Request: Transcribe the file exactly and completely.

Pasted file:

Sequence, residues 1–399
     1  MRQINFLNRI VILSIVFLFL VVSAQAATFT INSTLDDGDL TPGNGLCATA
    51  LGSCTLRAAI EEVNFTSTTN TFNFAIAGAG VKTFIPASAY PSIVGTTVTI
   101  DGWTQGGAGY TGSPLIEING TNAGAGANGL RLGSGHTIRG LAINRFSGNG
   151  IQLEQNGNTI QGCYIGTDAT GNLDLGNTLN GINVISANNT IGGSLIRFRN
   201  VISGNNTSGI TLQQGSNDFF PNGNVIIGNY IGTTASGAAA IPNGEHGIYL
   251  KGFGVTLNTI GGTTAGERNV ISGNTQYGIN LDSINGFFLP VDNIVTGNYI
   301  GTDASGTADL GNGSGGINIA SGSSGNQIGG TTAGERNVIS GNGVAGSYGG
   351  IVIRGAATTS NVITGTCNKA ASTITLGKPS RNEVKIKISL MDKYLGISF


Sequence, residues 1–399
     1  MRQINFLNRI VILSIVFLFL VVSAQAATFT INSTLDDGDL TPGNGLCATA
    51  LGSCTLRAAI EEVNFTSTTN TFNFAIAGAG VKTFIPASAY PSIVGTTVTI
   101  DGWTQGGAGY TGSPLIEING TNAGAGANGL RLGSGHTIRG LAINRFSGNG
   151  IQLEQNGNTI QGCYIGTDAT GNLDLGNTLN GINVISANNT IGGSLIRFRN
   201  VISGNNTSGI TLQQGSNDFF PNGNVIIGNY IGTTASGAAA IPNGEHGIYL
   251  KGFGVTLNTI GGTTAGERNV ISGNTQYGIN LDSINGFFLP VDNIVTGNYI
   301  GTDASGTADL GNGSGGINIA SGSSGNQIGG TTAGERNVIS GNGVAGSYGG
   351  IVIRGAATTS NVITGTCNKA ASTITLGKPS RNEVKIKISL MDKYLGISF